almost every night whether he had a pass or not.  The first
time that JC jumped the fence was our first night in Mainz.
The enlisted men referred to that as “jumping the fence” and
it was a violation of our unit’s regulations.  Technically,
JC was AWOL.  JC was quick to have a man “busted” for the
least infraction of orders or regulations, if he considered
him to be an eight ball.

JC’s chickenshit and hypocrisy became too much for some of
the guys in the section and one night they got revenge.
That also happened to be the one and only night, that I ever
brought any booze into the barracks which I had bought at
the Class Six store [package store].  That was strictly
against regulations and it was the first time that I had
done it.  After I got drunk out of my mind, I went next door
to visit my buddy, Sergeant Budzynski, but Bud wasn’t there.
A “Life” magazine lay on Bud’s bed so I sat down to read it
and fell asleep or perhaps passed out would be more correct.
A loud banging and yelling at the door awoke me.  It was the
Company Supply Sergeant, Sam Arnold.  Sam had poked his head
into the room and was yelling for me to come with him.  Up I
jumped and followed him into the room that JC and I shared.
All of JC’s gear was missing, but mine was still there.
They had thrown all of JC’s gear, boots, bed, bedding, foot
locker, the large, wooden double wall locker, clothes,
everything, out the window into the yard in a huge pile.
Knowing JC, I knew there would be hell to pay when he
returned.  Then I rushed into the section room and awoke
everyone and got them to help put everything back in the
room.  Several of the 106 guys smelled of alcohol.  JC’s
gear was a mess, but at least it was all back in the room.
Just as I had suspected, all hell broke loose when JC
returned from overnight pass the next morning.

JC and the platoon leader, Lieutenant Gilmore, questioned
everyone.  Naturally, they strongly suspected that I had
taken part in throwing JC’s gear out the window because my
gear wasn’t touched and I was next door when it happened and
didn’t hear anything.  Sam Arnold, slept in his supply room
in the basement and JC’s gear hit the ground right outside
his window which jolted Sam awake.

When questioned, I told the truth, admitting to having had
liquor in the barracks and to being drunk and passed out
next door when Charlie’s gear went out the window, but I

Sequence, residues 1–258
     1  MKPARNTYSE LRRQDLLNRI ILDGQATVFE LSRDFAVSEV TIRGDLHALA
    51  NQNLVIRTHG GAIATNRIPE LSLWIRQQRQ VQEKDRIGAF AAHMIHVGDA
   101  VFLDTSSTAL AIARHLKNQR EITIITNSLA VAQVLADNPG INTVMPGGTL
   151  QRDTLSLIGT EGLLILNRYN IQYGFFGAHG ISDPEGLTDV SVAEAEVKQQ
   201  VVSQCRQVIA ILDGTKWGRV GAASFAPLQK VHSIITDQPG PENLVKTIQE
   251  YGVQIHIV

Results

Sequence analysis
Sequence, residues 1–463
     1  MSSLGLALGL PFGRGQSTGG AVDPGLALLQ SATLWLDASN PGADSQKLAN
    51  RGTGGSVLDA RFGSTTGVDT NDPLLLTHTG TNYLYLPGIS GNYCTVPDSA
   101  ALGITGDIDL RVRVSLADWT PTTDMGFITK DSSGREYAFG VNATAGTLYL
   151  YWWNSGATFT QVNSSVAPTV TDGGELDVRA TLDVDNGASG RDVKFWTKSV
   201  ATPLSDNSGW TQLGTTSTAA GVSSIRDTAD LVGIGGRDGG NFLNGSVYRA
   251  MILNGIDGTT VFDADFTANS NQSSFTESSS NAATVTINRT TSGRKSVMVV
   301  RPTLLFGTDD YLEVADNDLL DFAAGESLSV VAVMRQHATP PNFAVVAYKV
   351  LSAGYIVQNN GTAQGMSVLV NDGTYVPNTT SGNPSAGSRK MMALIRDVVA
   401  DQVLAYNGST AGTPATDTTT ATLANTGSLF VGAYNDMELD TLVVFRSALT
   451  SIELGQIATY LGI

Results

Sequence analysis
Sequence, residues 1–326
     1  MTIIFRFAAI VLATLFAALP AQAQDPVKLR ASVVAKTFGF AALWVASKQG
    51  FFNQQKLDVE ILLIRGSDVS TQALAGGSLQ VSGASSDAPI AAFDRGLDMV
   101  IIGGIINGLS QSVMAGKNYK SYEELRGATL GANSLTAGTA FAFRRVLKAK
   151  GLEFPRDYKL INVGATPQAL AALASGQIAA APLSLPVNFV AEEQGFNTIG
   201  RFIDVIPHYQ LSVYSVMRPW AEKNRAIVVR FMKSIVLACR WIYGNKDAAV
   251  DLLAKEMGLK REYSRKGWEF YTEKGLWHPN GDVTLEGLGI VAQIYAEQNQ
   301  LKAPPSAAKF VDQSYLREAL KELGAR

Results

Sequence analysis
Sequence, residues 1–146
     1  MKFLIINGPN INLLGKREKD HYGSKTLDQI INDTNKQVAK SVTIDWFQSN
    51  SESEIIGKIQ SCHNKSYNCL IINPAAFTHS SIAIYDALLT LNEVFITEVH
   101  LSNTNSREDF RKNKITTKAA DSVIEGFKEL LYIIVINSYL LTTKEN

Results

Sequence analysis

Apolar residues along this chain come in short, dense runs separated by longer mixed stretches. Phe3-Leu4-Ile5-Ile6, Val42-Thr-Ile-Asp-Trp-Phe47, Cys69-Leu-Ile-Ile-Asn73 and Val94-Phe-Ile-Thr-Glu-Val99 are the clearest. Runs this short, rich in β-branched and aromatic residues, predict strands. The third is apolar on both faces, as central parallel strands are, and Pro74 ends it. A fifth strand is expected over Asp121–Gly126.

strongly denied being involved.  “They’re going to bust me
or at least give me company punishment for drinking booze in
the barracks,” I thought, but they didn’t.  Apparently,
Lieutenant Gilmore was satisfied that I hadn’t had anything
to do with throwing JC’s gear out the window.  JC was a
different matter entirely, he was positive that I was
guilty.  JC ordered me out of his room and that’s when I
moved into Bud’s room.  That afternoon JC told me, “Sergeant
Valentine, fall out the troops in full field gear wearing
their gas masks for dismounted gun drill on the 106s in the
yard out back.”  After I donned my gear, JC saw me and said,
“You don’t have to wear the damn full-field gear, just those
fucking troops.”  I replied, “By God, you think that I am
guilty and if I’m going to make the troops wear that gear
and haul those damn big guns around, I’m going to do it
also.”  “Suit yourself, you fucking rockhead,”  JC replied.

We moved those heavy guns across the yard after every fire
command and set up again and ran another fire command.  This
was on a Sunday and we continued that all damn day and I,
for one, was glad to see Monday and the regular training
schedule again.  JC gave our section hell for about a month
because of that incident and then the problem just seemed to
disappear.

JC had a lot of faults, but he was good in some ways.  For
instance, when the 505th went to Baumholder for training, he
went out on his own and arranged with the local tank unit to
lend us their indoor firing range for a day.  That was the
best training that we got as long as I was in the anti-tank
section.  We used our sub-caliber device instead of our
cannon.  The sub-caliber device fitted inside of our cannon
chamber and barrel and fired 30 caliber rounds instead of
the big 106 millimeter rounds.  We fired at moving
silhouette targets that resembled tanks.  Some of the
targets traveled across in front of us horizontally from
right to left and vice-versa while others traveled at two or
three different angles up or down as they crossed to our
front.  We fired at those damn moving targets until even our
drivers were considered to be experts.

We went to Baumholder several times for training, but during
this trip I discovered that there was a section of the
garrison set aside for the French troops in NATO to live
while training there also.  We also learned that every
payday, the French troops could buy a sex chit book, which
someone nicknamed, “Pussy Chitbook.”  Periodically, the
french also set aside one of the barracks to be used by
local prostitutes for “entertaining” the troops.  They could
pay cash or use their chitbooks.  If they bought the
chitbook, I think they got a discount.  Some of our guys
went to the French enlisted club and won some pussy chits at